Here, the Greek word for blessing is also the Greek word often used to mean “giving thanks,” or “praising.”  Jesus was actually blessing God, not the food particularly, but blessing in the sense of praising God for it.  The lesson is, you bless the food by praising God for it. I remember making it deliberately ambiguous so that people would stop and think.  Catholics would have an easier time understanding it, since they use those words more interchangeably than Protestants do.  I guess I should make a footnote explaining it.

Dad

Longer Ending of Mark

The Longer Ending of Mark

The “Longer Ending” of the gospel of Mark was not the majority text, as late as the 5th century.  Victor of Antioch said that the majority of copies of Mark in Antioch in the 5th century lacked Mark 16:9-20. It is deceptive to indicate that the absence of the Mark Longer Ending has scant MS evidence. It would also be deceptive to state that the omission of Mark 16:9-20 is an Egyptian or Alexandrian one. Again, Severus, in Antioch, Syria, and Victor, in Antioch, Syria acknowledged that in the 5th century, the best copies, and even the majority of copies, omitted Mark 16:9-20. This is why I do not care what the number of copies made in the 12th, 13th, 14th, 15th, 16th centuries, do include it. Isn’t that reasonable? See my notes in my translation of the Gospel of Mark.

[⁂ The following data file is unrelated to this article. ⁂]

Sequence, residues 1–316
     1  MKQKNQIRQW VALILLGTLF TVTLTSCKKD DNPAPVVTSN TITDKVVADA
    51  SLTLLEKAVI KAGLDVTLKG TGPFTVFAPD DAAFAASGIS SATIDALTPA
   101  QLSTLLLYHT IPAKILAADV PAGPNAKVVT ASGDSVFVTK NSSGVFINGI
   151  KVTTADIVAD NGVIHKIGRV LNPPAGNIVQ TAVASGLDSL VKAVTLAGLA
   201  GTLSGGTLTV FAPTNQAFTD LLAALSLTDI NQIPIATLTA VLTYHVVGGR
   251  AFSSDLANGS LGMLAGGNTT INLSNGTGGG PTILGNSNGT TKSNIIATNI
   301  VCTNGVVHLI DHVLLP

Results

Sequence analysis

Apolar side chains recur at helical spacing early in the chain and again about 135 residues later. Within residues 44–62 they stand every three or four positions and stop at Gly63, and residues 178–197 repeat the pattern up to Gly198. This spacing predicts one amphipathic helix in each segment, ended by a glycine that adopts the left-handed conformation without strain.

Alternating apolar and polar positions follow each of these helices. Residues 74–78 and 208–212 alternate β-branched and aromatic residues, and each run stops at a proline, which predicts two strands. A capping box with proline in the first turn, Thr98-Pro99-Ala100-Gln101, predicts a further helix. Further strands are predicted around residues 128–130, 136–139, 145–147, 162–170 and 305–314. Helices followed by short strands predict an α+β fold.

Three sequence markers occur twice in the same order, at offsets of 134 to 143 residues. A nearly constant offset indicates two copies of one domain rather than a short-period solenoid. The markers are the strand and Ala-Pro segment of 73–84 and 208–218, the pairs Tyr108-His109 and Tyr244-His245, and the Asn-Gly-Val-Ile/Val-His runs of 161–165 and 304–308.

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Simon the Zealot or Canaanite?

In Mark 3:18 and Matthew 10:4, the the King James Bible has Simon as a Canaanite.  However, in Luke 6:15 and Acts 1:13, the KJV has Simon as a Zealot.  These are not really compatible to be mutually co-existent, since Jesus would not have appointed a Gentile to be one of the Twelve, or one of the names on the twelve foundations of the New Jerusalem in Revelation 21:14.  In teh Matthew passage, in the very next verse, Matt. 10:5, Jesus tells the twelve not to go down any Gentile road, but to go “only to the lost sheep of Israel.”  Jesus surely would not tell a Gentile that.  Moreover, since the KJV admits that Simon was a zealot, this is also unlikely, that a Gentile would be a Zealot, one of the factions of Judaism.  The earliest manuscripts of Matthew and Mark say Simon was a καναναῖος, which word was derived from the Aramaic word for Zealot.  And the Textus Receptus and the Byzantine text have Simon a Κανανίτης.  Strong’s Concordance for this word, G2581, says this word also is derived from קנּא kan-naw’, “Jealous.” Canaan in Greek consistently starts with the letter Χ :